• Members of the previous forum can retrieve their temporary password here, (login and check your PM).

Cacti Rooting with Growth Hormon - DMSO method??

Twilight Person

Esteemed member
While Normally it would not be too dramatic, last summer i had some angry situations when a cactus refused to root, but started to grow. I could not place it in direct sun, because it would also get direct rain and be destroyed. So it was kept in shallow light and that ruined the growth. Especially for a giant cactus it looks terrible if it suddenly just has 30% of its diameter :cry:

So for this season i want to try something new. As i will buy a cutting that is already healed, i cannot attach my root Hormon (= auxine) powder, as it will not diffuse through the cured skin. A liquid formulation (as you normally buy it) would also Not be good, because it could again cause rot.

So my idea: how about using DMSO to make a tincture that diffuses into the cactus? That could minimize a very delayed root growth and thus the chance of ruined growth.

Put some auxine into DMSO

Use a painter to add it to lower end of cured plant

Repeat after 1 week if no roots visible

As far as i see the only important question would be the concentration. Im pretty Sure absolutely nobody has any cllue what would be a reasonable concentration. But well i thought i will just ask.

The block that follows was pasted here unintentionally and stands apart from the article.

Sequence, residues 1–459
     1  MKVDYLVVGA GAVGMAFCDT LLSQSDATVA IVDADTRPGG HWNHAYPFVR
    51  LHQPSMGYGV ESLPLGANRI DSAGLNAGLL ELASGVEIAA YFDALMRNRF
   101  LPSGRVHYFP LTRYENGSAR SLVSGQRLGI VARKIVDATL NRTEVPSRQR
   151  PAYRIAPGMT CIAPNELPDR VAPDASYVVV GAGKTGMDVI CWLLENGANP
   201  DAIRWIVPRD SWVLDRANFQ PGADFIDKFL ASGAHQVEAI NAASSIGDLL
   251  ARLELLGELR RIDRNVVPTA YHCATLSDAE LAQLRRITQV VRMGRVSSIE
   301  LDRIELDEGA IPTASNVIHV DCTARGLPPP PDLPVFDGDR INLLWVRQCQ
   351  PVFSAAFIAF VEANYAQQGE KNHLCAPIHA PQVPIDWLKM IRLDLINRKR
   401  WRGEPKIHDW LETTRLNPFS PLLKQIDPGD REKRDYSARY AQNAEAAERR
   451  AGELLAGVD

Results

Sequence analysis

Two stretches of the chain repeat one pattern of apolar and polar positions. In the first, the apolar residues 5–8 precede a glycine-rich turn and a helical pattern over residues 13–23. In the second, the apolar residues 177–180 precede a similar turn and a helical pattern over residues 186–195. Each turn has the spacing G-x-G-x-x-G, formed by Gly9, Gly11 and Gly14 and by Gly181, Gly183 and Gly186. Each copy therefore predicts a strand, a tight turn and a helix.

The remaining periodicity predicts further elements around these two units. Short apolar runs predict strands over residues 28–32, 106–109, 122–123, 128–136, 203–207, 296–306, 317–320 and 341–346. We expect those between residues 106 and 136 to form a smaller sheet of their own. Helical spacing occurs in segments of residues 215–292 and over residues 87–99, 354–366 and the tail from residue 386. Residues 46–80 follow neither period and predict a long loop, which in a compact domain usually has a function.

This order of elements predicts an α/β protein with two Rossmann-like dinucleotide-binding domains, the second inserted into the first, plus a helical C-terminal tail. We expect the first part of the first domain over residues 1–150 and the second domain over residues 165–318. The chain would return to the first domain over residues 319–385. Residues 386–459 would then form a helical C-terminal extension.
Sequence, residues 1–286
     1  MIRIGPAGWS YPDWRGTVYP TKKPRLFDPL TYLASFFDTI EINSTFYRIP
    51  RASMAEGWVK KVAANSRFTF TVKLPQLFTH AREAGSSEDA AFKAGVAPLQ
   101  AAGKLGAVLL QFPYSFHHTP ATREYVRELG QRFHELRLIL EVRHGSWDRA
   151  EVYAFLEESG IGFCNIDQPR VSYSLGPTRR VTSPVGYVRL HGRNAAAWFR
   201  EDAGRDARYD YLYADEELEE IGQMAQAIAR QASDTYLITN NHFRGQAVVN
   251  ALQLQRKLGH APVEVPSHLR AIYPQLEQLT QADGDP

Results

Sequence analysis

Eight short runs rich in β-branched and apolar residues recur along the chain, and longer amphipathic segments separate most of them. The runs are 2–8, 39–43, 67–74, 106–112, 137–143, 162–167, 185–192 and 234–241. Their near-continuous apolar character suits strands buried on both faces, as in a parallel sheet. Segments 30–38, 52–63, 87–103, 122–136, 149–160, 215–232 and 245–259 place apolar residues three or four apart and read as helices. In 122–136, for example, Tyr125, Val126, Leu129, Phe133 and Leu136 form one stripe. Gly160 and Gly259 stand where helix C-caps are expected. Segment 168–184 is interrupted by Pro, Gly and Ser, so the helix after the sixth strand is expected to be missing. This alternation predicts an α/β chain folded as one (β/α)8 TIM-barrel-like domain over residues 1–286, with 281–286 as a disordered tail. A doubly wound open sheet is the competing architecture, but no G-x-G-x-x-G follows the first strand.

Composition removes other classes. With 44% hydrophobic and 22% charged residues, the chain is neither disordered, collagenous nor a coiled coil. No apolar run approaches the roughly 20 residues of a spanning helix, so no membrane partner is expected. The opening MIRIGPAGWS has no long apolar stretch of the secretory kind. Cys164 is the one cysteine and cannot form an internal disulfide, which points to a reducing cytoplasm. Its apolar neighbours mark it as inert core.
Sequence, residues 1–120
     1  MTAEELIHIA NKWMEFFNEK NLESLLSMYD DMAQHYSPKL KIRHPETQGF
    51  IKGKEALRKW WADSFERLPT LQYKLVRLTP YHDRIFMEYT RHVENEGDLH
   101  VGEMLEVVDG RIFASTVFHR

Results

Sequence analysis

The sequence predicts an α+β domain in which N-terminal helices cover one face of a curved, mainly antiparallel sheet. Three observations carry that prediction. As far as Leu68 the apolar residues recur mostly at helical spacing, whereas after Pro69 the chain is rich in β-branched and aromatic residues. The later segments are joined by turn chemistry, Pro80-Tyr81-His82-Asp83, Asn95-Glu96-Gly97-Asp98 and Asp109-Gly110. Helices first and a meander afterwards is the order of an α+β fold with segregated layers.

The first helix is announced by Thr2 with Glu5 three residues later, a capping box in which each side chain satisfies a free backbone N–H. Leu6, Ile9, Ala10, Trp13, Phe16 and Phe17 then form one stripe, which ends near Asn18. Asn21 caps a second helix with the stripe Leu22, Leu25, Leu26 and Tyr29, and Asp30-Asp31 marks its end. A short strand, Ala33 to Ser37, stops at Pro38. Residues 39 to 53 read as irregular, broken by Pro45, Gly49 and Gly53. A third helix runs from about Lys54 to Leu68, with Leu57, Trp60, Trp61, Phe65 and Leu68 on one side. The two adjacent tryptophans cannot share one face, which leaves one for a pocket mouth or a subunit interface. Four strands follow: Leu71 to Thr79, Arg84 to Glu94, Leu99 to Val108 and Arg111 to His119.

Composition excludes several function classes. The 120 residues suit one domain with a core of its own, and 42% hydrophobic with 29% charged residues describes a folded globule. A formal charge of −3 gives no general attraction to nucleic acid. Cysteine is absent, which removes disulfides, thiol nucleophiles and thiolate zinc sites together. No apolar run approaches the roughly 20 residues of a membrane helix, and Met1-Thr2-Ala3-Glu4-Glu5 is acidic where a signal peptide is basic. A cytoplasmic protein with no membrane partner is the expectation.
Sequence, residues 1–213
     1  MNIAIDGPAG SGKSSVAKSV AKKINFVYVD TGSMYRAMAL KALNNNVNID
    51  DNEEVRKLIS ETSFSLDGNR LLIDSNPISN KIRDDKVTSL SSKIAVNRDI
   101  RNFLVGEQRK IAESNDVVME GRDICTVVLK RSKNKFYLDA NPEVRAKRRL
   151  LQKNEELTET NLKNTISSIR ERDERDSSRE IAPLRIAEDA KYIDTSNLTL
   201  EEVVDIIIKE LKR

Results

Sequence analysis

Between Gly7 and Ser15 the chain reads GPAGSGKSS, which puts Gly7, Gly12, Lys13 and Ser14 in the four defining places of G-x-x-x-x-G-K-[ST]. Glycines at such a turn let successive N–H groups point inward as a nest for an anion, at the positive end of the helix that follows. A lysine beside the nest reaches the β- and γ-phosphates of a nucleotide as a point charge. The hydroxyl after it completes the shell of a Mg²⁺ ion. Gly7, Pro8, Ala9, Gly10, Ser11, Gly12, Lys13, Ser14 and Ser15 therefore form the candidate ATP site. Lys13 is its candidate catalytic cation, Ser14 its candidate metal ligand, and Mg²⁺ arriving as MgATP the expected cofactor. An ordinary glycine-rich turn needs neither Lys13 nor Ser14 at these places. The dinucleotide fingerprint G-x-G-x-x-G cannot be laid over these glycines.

Any tips? Commercial water-based stuff has a concentration of 3%. But ultimately it more boils down to the Total AMOUNT of auxine added. Concentration would only define the amount of liquid i *need* to apply.

What do you think, how many milligram are reasonable for a 0,5-1 m cactus cutting?

Presuming you're talking about trichocereus cuttings here, IME they'd be less happy with direct sun (particularly midday sun) whereas rain exposure might even do the job of getting them to root. It's at the most shaded areas of a cactus where the roots will be most likely to appear.
Maybe keep an untreated cutting for comparison? (You can always treat it later on if it stubbornly refuses to set root.) One of my specimens took seven years to root - it was damp, shady grit that finally got the pathetic, crusty thing back to life and it's doing very nicely now a further five years on.
Ok yes but i would try it with a very big one and i dont want to buy 2 of this :( so probably wont do a direct comaprison. And yes full sun is also not what is recommended, but on the other hand i feel so bad when i see that cactus with the weird growth now in my basement xD
Top Bottom